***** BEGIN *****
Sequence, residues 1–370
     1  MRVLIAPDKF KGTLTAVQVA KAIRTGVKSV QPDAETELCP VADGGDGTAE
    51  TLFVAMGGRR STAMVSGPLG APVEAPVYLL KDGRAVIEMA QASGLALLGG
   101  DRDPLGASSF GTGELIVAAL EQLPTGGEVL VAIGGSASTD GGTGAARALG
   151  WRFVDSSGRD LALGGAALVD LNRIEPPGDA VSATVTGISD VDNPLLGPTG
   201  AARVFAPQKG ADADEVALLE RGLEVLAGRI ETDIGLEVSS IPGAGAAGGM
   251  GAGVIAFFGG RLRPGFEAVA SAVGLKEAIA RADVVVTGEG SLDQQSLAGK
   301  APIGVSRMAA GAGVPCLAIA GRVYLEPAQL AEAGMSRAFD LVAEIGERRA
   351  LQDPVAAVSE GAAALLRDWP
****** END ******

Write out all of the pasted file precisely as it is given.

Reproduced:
Sequence, residues 1–370
     1  MRVLIAPDKF KGTLTAVQVA KAIRTGVKSV QPDAETELCP VADGGDGTAE
    51  TLFVAMGGRR STAMVSGPLG APVEAPVYLL KDGRAVIEMA QASGLALLGG
   101  DRDPLGASSF GTGELIVAAL EQLPTGGEVL VAIGGSASTD GGTGAARALG
   151  WRFVDSSGRD LALGGAALVD LNRIEPPGDA VSATVTGISD VDNPLLGPTG
   201  AARVFAPQKG ADADEVALLE RGLEVLAGRI ETDIGLEVSS IPGAGAAGGM
   251  GAGVIAFFGG RLRPGFEAVA SAVGLKEAIA RADVVVTGEG SLDQQSLAGK
   301  APIGVSRMAA GAGVPCLAIA GRVYLEPAQL AEAGMSRAFD LVAEIGERRA
   351  LQDPVAAVSE GAAALLRDWP